From our perspective, Salazar's action was significant, but not for the reasons stated above. Rather, from this point forward, politics and public opinion will no longer drive the discourse. The Cape Wind decision and the public record on which it's based will be challenged on the facts to determine whether the project is commercially reasonable and whether it will operate in compliance with existing laws. To be frank, there is no assurance Cape Wind will survive the scrutiny.

Issues still pending

There are several issues still pending that require resolution before the project can proceed as follows:

RADAR SAFETY. The FAA has assigned the 130 wind turbine structures (heights of 440 feet) a 'presumed hazard determination' given their proximity to airports and radar stations in the Northeast. The military has already stepped up its concerns involving the moving blades interfering with radar for surveillance and weather tracking;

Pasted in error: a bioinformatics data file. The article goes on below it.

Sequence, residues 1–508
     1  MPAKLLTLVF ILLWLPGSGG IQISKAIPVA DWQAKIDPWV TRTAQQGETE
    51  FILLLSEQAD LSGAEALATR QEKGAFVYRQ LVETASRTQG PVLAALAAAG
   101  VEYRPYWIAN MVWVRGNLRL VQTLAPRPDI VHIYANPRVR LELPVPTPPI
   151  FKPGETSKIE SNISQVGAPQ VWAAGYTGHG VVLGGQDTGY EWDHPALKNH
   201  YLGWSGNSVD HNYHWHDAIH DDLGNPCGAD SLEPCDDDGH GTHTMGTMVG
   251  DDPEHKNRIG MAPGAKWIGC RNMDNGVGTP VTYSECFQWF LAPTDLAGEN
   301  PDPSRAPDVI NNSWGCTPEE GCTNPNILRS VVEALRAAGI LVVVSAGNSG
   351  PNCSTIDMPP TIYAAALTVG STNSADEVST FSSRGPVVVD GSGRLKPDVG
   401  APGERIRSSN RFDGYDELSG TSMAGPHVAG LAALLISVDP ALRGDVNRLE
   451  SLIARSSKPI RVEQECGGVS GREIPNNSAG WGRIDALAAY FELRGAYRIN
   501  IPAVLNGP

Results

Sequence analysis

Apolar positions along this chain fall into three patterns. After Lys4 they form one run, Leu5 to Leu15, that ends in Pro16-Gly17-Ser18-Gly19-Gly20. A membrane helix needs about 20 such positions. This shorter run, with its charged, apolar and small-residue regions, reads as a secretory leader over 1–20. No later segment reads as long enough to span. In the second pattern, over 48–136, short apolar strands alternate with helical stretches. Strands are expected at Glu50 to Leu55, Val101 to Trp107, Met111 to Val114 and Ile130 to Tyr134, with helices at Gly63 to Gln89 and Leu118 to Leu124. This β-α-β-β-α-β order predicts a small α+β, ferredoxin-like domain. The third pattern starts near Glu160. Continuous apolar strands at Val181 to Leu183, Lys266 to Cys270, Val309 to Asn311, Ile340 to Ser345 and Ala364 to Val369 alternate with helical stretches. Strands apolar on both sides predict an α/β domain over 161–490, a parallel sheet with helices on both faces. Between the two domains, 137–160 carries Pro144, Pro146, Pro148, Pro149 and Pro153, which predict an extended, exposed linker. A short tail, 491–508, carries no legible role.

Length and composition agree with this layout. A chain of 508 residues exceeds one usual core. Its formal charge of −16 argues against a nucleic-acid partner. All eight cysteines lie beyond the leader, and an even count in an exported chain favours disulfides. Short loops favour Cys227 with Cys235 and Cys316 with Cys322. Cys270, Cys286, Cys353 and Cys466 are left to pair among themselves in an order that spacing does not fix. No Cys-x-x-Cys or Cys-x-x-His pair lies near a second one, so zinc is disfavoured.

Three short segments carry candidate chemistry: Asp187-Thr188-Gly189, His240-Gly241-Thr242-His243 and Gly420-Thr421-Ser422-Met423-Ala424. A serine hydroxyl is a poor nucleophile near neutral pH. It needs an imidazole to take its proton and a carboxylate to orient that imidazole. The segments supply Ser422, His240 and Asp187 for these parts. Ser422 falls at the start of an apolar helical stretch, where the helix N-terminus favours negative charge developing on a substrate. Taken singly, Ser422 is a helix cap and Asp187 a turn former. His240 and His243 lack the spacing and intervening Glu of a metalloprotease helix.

IMPACT ON WAMPANOAG TRIBES. The Mashpee Wampanoag Tribe and Wampanoag Tribe of Gay Head (Aquinnah) contend that the project will destroy the archaeological evidence of their history throughout Nantucket Sound, including Horseshoe Shoal. Further they argue that the eastern horizon over Nantucket Sound must remain unaltered in order to perform their spiritual rituals and ceremonies;

FEDERAL LAW VIOLATIONS. Various stakeholders including the Alliance and Windaction.org have filed the requisite 60-day notice of intent to sue for violations of the Endangered Species Act, the Outer Continental Shelf Lands Act, and other laws. Regarding the Endangered Species Act, the parties will show that Salazar's approval ignored the Fish and Wildlife Service's original recommendations to minimize and/or avoid impacts, a clear violation of the law.

COST. All of the above are legitimate and serious concerns, but Cape Wind's true Achilles heel lies in the cost of the project. Few in the State of Massachusetts, including the ratepayers, fully understand what Cape Wind will do to electricity rates and whether the cost can be sufficiently offset by the project's expected benefits. We develop the data on this issue in more detail below.